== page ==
Here’s Bradbury’s description of Pipkin

“Pipkin, oh, dear Pipkin, finest and loveliest of boys…

…Pipkin. An assemblage of speeds, smells, textures; a cross section of all the boys who ever ran, fell, got up, and ran again.

No one, in all the years, had ever seen him sitting still. He was hard to remember in school, in one seat, for one hour. He was the last into the schoolhouse and the first exploded out when the bell ended the day.

Pipkin, sweet Pipkin.

Who yodeled and played the kazoo and hated girls more than all the other boys in the gang combined.

Pipkin, whose arm around your shoulder, and secret whisper of great doings this day, protected you from the world.


God got up early just to see Pipkin come out of his house, like one of those people on a weatherclock. And the weather was always fine where Pipkin was.


Bradbury, Ray. The Halloween Tree (p. 7). HarperCollins Publishers. Kindle Edition.

To me, this seems like a medieval love poem worshipping a romantic ideal.

I not only don’t see the appeal but ‘Sweet Pipkin’ is the kind of boy I would always have avoided.

Progress: 38% I feel like the only one not under Moundshroud’s spell

I love the storytelling style. It’s energetic and dramatic. It’s the way I imagine stories being told by a performer in front of a camp fire or on a wagon at a country fair. It’s larger than life and proud of it. It’s full of flourishes that will add coins when the hat is passed around afterwards.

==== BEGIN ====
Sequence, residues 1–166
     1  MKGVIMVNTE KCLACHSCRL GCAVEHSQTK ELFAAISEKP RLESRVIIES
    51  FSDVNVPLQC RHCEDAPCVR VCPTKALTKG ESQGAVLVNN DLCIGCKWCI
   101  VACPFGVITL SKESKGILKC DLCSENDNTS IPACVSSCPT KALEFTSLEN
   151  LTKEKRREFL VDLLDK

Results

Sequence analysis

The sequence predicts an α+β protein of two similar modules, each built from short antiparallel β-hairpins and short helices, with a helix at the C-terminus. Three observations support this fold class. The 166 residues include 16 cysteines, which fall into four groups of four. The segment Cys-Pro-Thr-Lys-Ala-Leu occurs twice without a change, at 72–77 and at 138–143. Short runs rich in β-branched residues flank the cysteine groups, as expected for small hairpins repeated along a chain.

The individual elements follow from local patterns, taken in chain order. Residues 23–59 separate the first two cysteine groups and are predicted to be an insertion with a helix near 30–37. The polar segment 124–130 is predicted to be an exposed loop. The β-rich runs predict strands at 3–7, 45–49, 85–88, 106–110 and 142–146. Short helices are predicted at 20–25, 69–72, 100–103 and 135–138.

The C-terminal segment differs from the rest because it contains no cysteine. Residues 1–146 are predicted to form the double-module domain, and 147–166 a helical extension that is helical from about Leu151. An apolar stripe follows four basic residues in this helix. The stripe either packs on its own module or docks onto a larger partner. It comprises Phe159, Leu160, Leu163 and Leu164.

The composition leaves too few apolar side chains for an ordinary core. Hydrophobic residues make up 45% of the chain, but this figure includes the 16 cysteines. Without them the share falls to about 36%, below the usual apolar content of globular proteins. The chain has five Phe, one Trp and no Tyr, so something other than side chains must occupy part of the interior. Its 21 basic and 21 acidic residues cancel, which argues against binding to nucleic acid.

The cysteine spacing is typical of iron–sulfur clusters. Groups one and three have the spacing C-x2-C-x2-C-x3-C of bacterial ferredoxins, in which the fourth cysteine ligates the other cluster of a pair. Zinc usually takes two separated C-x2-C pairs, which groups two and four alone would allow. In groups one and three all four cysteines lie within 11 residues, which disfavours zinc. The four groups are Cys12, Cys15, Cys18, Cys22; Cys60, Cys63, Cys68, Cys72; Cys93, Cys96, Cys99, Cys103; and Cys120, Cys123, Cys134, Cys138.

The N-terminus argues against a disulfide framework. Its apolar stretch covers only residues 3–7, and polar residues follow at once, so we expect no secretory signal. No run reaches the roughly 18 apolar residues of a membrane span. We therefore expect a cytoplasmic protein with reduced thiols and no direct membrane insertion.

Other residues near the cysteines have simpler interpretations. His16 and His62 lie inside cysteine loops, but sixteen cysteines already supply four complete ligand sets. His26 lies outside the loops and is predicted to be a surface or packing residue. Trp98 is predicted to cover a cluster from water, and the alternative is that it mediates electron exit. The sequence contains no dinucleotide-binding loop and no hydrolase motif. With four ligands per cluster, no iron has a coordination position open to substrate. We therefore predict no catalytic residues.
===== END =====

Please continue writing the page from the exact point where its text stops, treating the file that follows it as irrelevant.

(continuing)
Some of the time, the storytelling feels old. Not late-Twentieth Century old – hell, I was still a boy myself when this was published in 1972 . – but old like from another era – like a medieval Mystery Play with a post-Christian script or an epic poem. Some of the time it feels modern(ish) – like Rohal Dahl meeting Looney Tunes or “Charlie and the Chocolate Factory meeting “The Snowman”.

It’s the content that keeps me at a distance from the story.

I don’t understand why these boys are letting themselves be swept along in this journey towards death in its various manifestations. Why do they not see Moundshroud as a threat, as a deceiver? What’s to trust about a man who promised the boys only tricks, no treats?

This is how Moundshroud was first described:

“An evil smile came and hung in the doorway before them.

Behind the smile, the tall man hid in shadow. They could see his eyes now, small pinpoints of green fire in little charred pits of sockets, looking out at them.

“Well,” said Tom. “Er—trick or treat?”

“Trick?” said the smile in the dark. “Treat?”

“Yes, sir.”

The wind played a flute in a chimney somewhere; an old song about time and dark and far places. The tall man shut up his smile like a bright pocketknife.

“No treats,” he said. “Only—trick!”

Bradbury, Ray. The Halloween Tree (pp. 16-17). HarperCollins Publishers. Kindle Edition

I loved that description for its menace and malevolence. ‘shut up his smile like a bright pocketknife’ is wonderful. But boys who trust a man with a smile like that have no sense of self-preservation

And I hate the use of the dying Pipkin. It seems mawkish.

If this book was not so short, I’d stop now.

Progress 63%: a vegan in a steakhouse

I’m done with this.

There’s nothing for me to stand on. The writing sparkles most of the time but the longer I read the more it feels like a slim layer of icing on a bland cake.

I don’t care about the boys and I’m bored by the whistlestop tour of the origins of Halloween.

I know this is a much-loved story by a talented writer but I feel like a vegan in a steak house – none of the smells make me hungry and some of them make me want to leave.